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Misunderstandings on implementation rules for Hong Kong law dispelled

10 Jul, 2020 - 00:07 0 Views
Misunderstandings on implementation rules for Hong Kong law dispelled Carrie Lam

The Herald

The implementation rules for Article 43 of the national security law for Hong Kong took effect on Tuesday, further providing legal guarantees for police to apply the law and safeguard national interests.

When they were gazetted on Monday evening, the implementation rules — in particular seven measures that endow certain powers for police enforcement — triggered a number of questions and misunderstandings, to which Hong Kong Special Administrative Region chief executive Carrie Lam said at Tuesday’s press conference that the national security law for Hong Kong is a moderate law that only deals with imminent criminal behaviour, emphasising that the law will not create fear but restore stability to the city, Hong Kong media HK01 reported.

“The seven measures in the implementation rules clearly stipulate that the law respects human rights. If the public observes the law, there is no need to worry,” Lam said.

The implementation rules should be observed by the relevant officers when they carry out the specific measures concerned to prevent, suppress and impose punishment for offences endangering national security, and relevant offences and penalties for the effective implementation of the measures, the Xinhua News Agency reported.

The rules state seven measures for police enforcement, including search of places for evidence without a warrant under particular circumstances; restriction on persons under investigation from leaving Hong Kong; freezing, restraint, confiscation and forfeiture of property related to offences endangering national security; removal of messages endangering national security and request for assistance; requiring political organisations and agents of foreign countries and China’s Taiwan to provide information on activities concerning Hong Kong; application on authorisation for interception of communications and covert surveillance; requirement to furnish information and produce materials.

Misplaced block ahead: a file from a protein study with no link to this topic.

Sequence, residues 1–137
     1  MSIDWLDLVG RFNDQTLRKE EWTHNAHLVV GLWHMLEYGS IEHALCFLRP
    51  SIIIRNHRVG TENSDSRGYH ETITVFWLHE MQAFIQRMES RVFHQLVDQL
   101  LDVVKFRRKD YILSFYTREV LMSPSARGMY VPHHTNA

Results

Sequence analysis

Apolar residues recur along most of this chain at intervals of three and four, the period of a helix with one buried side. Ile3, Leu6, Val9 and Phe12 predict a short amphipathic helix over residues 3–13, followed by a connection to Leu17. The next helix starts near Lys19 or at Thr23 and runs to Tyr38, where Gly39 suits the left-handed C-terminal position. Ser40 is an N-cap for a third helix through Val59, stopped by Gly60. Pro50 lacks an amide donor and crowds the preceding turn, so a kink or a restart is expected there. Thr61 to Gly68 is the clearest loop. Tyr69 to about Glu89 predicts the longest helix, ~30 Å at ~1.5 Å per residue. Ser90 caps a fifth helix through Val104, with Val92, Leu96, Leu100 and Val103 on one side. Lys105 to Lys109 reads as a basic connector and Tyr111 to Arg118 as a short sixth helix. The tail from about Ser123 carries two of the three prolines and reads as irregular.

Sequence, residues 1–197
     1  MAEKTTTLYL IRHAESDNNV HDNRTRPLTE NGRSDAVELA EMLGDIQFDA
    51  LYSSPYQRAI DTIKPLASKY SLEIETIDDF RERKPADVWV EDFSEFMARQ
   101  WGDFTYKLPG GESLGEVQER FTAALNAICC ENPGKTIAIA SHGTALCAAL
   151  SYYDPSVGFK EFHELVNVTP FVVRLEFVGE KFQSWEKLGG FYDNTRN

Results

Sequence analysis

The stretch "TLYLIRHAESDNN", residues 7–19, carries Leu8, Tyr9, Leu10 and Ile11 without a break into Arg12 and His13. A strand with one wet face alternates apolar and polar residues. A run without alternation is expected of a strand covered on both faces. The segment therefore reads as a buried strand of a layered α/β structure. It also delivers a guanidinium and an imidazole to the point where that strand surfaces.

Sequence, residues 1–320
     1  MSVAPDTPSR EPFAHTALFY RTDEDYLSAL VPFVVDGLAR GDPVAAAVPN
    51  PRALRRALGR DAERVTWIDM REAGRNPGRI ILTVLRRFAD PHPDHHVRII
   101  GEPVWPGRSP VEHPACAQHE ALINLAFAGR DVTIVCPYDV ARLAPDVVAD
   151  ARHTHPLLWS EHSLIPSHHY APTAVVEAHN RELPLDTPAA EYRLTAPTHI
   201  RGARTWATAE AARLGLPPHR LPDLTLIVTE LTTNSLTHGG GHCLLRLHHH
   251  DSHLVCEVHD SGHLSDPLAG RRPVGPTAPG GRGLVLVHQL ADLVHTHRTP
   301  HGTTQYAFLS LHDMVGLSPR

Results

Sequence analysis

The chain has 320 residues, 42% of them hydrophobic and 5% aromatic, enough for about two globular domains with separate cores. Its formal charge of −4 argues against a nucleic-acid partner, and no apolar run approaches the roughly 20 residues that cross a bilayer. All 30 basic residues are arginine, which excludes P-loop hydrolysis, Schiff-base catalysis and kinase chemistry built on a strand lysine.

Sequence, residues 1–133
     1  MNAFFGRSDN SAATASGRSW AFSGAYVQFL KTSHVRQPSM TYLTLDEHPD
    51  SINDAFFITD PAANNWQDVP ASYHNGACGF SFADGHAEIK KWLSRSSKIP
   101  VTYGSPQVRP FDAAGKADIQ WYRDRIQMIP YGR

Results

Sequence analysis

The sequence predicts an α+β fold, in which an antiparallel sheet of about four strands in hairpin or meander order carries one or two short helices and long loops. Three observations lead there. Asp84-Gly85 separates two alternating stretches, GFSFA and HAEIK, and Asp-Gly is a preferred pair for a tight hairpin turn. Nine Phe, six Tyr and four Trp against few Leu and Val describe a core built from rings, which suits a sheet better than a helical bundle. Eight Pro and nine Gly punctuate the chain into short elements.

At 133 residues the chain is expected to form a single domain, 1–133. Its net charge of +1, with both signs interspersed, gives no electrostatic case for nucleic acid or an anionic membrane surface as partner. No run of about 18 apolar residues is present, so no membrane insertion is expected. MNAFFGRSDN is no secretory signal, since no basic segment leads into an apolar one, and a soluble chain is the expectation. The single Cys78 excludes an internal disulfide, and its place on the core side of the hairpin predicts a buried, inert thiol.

When asked whether the implementation rules are exempt from judicial review, Lam said information about the work of the committee for safeguarding national security is not made public and the relevant implementation rules cannot be reviewed or challenged.

But she noted that the implementation rules are not meant to give additional power to the police, and that the power of the rules comes from the national security law.

In response to some people saying the rules will expand police power, she emphasised that this is a misunderstanding. Lam said the rules stipulate the circumstances under which the police can use their power to enforce the law.

“The most important thing is to let time and facts show that when the regulations are strictly implemented, everyone will reduce their doubts.”

Lam believed that the requirement for social platforms or internet server providers to remove messages endangering national security is not aimed at previous cases in certain groups of people were bullied, but serve as a guarantee and must not be used at will.

“The measure should be related to the four crimes,” she said.   

As for the misunderstanding that the implementation rules are aimed at expanding government power, Lam said the opposite is true.

“The rules aim to make every effort to respect human rights. The committee gives details on how police use the power, including the conditions and who will give approval, so as to reassure the public.”

Several Western countries expressed a number of opinions after the national security law for Hong Kong was enacted. Lam said this is not in line with the principle of respect between countries.

She emphasised that national security legislation is China’s internal affair and the practice is constitutional, legal and reasonable. “I don’t understand why there are so many countries paying such great attention to this,” Lam said. — Global Times.

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